Mr Clarence Chng, an assistant manager at Changi Airport Group, is asked that question all the time, but, really, he just loves his job.
WHENEVER Mr Clarence Chng, lover of all things related to aviation, travels with his wife on short holidays, he always checks in some luggage — even when everything the couple have with them can fit into their carry-on luggage.
That is because he never stops being curious about how quick and efficient the operations are at any airport he uses. Mr Chng, 27, an assistant manager at Changi Airport Group (CAG) in the Airside Operations department (Airport Management Division), says it is not an occupational hazard; he is really just extremely passionate about the ins and outs of the aviation industry.
His enthusiasm for the industry earned him a mid-term scholarship from CAG, where he was an intern. He is now two years and seven months into his current role at the organisation.
His responsibilities include performing operations control in the airfield and baggage handling area and also working closely with ground handlers and airlines to ensure low baggage mishandling and that travellers have short waiting times for their baggage.
He is also involved in the operations of new baggage facilities, such as those at Changi Airport’s recently opened Terminal 4, and the upgrading of current ones.
“I enjoy engaging with our airport partners such as airlines and ground handlers, finding out their operational needs and challenges and coming up with solutions together for these,” he says.
“Most people are not too interested in the intricacies of baggage handling. But most can relate to the feelings of frustration when their bags go missing or long waiting time for their bags. And then I will explain to them how we collaborate with our airport partners such as ground handlers to make data-driven decisions to improve passenger experience in Changi Airport.”
His working hours are regular, mostly from 9 am to 6.30pm. This may surprise many people since an airport never stops functioning.“Things are stable at Changi Airport — that’s a good thing,” he quips.
Early interest in planes and aviation
Luckily for him, his wife — who works in Scoot’s social media department — shares his aviation passion. “We do talk a lot about airports when we travel,” he admits, laughing.
He says his “exposure to planes from young triggered my interest in aviation” — his father was a maintenance officer in the Republic of Singapore Air Force before he retired, while his elder brother, who is six years older, is currently an air warfare officer in the RSAF.
But unlike many other young boys who are fascinated with planes, Mr Chng did not grow up wanting to be a pilot; he is simply more curious about how airports and all their systems function — the nuts and bolts, the data-crunching, the processes.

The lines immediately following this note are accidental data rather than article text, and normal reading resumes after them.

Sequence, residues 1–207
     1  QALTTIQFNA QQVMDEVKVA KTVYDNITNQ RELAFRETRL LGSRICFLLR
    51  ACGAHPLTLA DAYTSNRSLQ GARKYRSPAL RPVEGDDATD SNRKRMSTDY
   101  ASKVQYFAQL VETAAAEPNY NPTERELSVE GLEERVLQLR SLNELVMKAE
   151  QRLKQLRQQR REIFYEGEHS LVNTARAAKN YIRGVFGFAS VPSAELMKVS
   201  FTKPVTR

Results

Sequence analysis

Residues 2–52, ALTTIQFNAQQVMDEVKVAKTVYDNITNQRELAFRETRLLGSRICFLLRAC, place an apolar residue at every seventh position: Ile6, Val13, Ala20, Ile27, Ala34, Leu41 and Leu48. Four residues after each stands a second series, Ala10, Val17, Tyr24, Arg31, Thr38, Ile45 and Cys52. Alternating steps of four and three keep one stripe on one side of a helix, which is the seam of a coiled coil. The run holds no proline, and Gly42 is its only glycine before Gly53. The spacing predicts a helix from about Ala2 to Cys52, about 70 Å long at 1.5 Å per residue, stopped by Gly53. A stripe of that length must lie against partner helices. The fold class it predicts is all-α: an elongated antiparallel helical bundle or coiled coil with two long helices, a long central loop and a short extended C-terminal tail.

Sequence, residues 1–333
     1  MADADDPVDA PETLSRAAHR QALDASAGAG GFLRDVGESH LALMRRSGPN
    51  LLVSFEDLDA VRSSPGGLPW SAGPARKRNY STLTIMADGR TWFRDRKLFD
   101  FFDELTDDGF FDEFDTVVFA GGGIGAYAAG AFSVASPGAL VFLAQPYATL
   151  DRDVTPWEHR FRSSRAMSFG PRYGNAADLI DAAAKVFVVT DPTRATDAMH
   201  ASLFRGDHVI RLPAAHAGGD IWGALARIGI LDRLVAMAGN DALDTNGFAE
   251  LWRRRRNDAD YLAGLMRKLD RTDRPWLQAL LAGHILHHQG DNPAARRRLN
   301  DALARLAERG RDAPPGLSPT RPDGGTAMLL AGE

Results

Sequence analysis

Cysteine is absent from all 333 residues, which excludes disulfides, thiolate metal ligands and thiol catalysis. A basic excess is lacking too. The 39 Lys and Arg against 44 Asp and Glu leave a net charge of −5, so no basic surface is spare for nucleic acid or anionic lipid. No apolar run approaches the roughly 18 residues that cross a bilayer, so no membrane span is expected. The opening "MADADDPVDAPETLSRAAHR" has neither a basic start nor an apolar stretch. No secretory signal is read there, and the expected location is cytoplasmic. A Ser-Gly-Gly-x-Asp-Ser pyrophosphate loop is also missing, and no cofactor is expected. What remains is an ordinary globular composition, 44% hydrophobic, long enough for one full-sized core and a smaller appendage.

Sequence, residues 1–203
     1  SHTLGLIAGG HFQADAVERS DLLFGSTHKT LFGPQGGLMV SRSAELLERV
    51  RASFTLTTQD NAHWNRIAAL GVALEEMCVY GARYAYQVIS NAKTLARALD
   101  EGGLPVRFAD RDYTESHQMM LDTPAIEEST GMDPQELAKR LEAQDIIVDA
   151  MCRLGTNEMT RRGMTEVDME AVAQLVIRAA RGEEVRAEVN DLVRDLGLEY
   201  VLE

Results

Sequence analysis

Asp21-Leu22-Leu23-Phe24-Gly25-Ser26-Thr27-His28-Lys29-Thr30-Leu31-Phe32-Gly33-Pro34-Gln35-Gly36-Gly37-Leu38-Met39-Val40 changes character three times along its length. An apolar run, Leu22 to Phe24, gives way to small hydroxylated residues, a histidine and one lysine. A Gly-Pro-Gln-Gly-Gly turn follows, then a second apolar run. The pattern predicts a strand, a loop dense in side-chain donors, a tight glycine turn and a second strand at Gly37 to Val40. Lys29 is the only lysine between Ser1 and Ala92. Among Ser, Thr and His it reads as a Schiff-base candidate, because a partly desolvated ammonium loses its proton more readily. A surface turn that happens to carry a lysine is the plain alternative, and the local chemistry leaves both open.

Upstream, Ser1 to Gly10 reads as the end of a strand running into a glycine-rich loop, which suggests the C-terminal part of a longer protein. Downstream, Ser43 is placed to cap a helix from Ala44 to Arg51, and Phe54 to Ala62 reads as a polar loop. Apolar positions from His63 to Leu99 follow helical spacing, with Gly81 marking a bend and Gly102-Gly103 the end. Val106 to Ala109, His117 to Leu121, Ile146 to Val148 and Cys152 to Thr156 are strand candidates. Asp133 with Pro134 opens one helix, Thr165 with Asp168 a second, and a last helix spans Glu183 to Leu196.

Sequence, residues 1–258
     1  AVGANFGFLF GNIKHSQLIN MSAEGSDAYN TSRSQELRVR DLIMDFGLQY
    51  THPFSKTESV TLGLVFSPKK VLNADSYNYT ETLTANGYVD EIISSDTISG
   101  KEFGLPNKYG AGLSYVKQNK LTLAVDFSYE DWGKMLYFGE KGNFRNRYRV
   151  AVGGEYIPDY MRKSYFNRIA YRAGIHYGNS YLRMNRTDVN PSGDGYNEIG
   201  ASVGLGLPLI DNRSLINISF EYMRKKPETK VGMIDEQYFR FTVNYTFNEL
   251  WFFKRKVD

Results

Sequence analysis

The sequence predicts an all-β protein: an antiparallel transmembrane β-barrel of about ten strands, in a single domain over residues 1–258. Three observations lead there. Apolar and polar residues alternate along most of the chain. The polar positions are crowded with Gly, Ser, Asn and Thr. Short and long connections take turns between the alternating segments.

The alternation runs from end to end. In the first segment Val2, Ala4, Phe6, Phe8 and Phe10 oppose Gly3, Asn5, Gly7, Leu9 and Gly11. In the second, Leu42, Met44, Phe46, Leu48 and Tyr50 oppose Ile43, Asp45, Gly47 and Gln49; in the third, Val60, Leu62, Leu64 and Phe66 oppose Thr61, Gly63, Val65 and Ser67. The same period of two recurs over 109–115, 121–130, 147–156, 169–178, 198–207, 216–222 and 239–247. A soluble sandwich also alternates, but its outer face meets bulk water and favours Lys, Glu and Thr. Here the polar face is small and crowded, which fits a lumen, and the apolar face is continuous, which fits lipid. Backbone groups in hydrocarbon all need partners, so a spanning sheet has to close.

This interest dovetails with what he studied at Nanyang Technological University —economics. “We deal with a lot of data” is how he explains the relevance of his academic qualifications to his current job.
That said, the importance of being hands-on and on the ground cannot be emphasised enough. “I spend a quarter of my time on the airfield,” he says.
“While formulation and discussion of ideas usually take place in the office, good ideas are based on a foundation of ground knowledge and nothing beats being out in the airfield for that.”
Learning from airports around the world
Similarly, his passion for aviation and airports is constantly fuelled by being, well, out in airports around the world.
When he was an exchange student for six months at Maastricht University in the Netherlands, he travelled within Europe on weekends and got acquainted with many airports in the continent. One that stands out in his memories of that time is the airport in Krakow.
He recalls his experience at the Polish city’s airport warmly “not because it’s a huge airport” nor because it has a great design. In fact, he was delayed checking in because of the long queues. But one aspect of its operations won him over.
“I had a very good experience there with the security clearance,” he explains, in stark contrast to many other travellers’ experience of security checks at airports, which can be tense and even downright unpleasant.
According to him, the amicable airport staff greeted the travellers in queues, explaining in a friendly way what they were doing and even giving soft toys to young children to reassure everyone and allay their concerns.
“It is the personalised experience that matters,” says Mr Chng.
The New Chitose Airport in Sapporo, Hokkaido, Japan is another favourite. He says: “Its terminals are connected by a shopping mall, where the stores are so well curated that a visitor stepping inside them gets a good taste of Japan” — without seeing the rest of the country.
“When I travel for leisure, I pay attention to how airports are designed and look out for new ideas that can be implemented in Changi Airport. While it is undoubtedly one of the world’s best airports, we have to guard against complacency, constantly innovate and stay ahead of the game,” he says.
When he tells people what he does for a living, the first question they usually ask him is: “Do you get free air tickets?” He says: “Most people are curious about the perks of the job. But the truth is, most of us work here because we are passionate about what we do.”